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Movie Review: The First Grader (2010)

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The First Grader

Source: Wikipedia

Plot Summary (Taken from IMDB): The true story of an 84 year-old Kenyan villager and ex Mau Mau freedom fighter who fights for his right to go to school for the first time to get the education he could never afford.

My Review: One of the best aspects of the film is the characters. The main character Marugue is a resilient spirit who has survived the Mau Mau Uprising in Kenya. After enduring much hardship and tragic losses, Marague wants to better himself by attending school for the first time. His teacher, Jane Obinchu,  is the kind and bold.  Also, the other children lighten the story with song and dance, but a couple of them also bring out the best of Marugue.

Another good aspect of the film is the use of its setting, the country of Kenya in Africa.  It made the experience of the main character Maruge very palpable for the viewer. For instance, you see how simple his house is, a structure made of logs and the surrounding land almost bare except for a small garden and a goat. You also sympathize with him when you see how far he has to walk to get to the primary school.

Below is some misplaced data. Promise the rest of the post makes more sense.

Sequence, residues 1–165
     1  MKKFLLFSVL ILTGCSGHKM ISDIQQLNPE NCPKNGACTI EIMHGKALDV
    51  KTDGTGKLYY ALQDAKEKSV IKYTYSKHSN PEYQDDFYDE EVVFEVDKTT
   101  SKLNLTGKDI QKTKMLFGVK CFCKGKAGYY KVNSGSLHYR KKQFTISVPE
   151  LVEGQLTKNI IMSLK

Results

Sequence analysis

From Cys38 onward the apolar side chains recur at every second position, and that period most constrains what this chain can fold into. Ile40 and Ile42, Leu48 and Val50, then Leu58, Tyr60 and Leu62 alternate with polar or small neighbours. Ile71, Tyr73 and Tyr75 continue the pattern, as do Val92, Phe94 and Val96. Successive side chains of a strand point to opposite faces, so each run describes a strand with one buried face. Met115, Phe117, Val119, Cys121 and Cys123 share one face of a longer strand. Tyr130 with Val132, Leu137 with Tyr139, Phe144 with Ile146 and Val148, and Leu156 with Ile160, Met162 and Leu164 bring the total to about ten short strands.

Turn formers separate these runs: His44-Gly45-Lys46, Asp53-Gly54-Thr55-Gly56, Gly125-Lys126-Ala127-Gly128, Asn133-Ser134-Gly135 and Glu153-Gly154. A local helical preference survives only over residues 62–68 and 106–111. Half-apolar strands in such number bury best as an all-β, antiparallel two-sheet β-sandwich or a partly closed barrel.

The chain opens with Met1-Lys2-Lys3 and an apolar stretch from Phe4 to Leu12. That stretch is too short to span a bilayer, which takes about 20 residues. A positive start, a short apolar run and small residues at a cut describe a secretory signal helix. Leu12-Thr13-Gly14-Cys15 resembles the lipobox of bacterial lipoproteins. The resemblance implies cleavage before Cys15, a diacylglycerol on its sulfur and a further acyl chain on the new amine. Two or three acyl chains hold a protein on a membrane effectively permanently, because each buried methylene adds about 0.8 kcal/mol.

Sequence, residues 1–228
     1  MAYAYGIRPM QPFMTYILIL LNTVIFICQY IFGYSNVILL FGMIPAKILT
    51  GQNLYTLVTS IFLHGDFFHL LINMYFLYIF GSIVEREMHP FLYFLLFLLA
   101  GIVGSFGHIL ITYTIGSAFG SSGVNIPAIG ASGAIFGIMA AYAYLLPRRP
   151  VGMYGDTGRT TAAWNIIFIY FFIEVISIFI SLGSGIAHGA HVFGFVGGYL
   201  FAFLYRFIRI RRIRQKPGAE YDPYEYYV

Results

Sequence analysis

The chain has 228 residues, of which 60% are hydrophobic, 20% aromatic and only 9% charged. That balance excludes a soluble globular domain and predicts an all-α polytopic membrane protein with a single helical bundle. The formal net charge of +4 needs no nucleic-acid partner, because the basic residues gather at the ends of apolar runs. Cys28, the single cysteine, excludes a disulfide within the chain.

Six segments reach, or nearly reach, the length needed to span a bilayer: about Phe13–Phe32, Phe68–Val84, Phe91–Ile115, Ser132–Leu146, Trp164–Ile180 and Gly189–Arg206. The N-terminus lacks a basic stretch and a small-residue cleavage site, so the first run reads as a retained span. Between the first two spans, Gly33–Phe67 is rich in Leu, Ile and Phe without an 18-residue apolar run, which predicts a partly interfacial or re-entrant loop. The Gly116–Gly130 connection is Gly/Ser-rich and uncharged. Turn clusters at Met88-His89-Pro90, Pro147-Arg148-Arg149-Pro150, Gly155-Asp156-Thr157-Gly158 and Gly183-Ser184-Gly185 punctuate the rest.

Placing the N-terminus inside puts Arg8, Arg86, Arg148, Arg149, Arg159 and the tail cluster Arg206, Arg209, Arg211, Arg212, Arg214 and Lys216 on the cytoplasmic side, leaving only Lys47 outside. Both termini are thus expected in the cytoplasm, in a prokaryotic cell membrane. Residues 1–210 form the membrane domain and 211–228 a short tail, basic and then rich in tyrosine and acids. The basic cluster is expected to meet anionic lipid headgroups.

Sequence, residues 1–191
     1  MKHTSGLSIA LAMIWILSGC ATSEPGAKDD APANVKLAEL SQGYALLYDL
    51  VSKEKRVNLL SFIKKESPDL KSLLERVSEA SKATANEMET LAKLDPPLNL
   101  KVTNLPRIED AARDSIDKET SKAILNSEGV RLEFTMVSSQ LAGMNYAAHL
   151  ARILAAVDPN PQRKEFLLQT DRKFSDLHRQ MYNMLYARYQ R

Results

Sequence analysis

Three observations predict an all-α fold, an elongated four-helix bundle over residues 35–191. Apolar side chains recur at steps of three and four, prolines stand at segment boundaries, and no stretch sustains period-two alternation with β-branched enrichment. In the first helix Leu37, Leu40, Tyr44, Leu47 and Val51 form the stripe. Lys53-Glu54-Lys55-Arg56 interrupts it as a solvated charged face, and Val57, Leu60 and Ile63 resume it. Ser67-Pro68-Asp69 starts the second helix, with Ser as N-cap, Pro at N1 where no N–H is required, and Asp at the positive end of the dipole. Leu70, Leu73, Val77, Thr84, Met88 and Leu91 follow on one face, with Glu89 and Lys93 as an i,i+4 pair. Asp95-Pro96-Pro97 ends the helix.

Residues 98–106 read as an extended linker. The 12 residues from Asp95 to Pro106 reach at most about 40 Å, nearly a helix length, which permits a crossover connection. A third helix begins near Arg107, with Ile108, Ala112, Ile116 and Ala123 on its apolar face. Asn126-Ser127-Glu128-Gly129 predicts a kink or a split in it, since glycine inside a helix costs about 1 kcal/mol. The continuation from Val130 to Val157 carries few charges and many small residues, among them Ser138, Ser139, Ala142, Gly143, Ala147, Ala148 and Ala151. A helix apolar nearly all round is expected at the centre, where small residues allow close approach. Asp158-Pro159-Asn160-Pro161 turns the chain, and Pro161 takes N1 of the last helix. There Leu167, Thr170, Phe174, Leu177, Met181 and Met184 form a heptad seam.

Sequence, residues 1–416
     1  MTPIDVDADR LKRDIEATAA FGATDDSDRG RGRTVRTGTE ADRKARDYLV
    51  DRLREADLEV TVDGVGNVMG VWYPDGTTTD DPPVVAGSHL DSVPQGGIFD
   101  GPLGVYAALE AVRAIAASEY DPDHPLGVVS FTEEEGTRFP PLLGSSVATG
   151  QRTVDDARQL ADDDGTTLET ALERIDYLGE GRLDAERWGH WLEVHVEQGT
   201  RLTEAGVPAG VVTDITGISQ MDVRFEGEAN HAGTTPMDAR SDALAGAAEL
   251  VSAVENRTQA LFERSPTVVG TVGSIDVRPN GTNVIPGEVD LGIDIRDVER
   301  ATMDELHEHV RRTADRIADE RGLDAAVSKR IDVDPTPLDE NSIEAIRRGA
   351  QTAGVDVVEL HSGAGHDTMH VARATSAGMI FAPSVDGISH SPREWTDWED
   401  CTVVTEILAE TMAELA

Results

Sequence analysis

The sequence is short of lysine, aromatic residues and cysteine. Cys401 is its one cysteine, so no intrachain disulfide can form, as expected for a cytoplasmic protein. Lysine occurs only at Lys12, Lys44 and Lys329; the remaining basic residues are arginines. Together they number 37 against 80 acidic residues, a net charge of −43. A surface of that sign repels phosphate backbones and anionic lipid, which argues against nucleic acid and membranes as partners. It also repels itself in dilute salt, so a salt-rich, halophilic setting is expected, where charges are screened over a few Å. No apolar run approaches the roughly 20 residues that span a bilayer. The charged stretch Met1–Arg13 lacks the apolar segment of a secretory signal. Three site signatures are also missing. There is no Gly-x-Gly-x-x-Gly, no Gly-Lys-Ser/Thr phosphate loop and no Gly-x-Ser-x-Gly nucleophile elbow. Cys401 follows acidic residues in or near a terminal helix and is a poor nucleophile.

Besides the characters and the use of its setting, the cinematography made the film powerful. The flashbacks are positioned so that the viewer slowly gets to know Maruge and see how traumatized he is by his terrible past.  The African vocals heard during certain scenes provide a meditative atmosphere for the viewer to think about the film as the movie progresses.

In addition to the characters, setting, and the cinematography, the film provides excellent commentary on the value of an education. One of the most striking scenes in the film involves the adult education school, which reflects so many of today’s public schools. Another powerful scene occurs when Maruge forces education officials to see why good teachers are necessary. Other commentary occurs in the form of lines like, “You never stop learning until you have soil in your ears.”

Overall, this was a very poignant film. Due to the strong violence and empowering message, I recommend this film for high school students and up.

 

 

 

 

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Written by Serena Zola

August 4, 2014 at 10:00 AM

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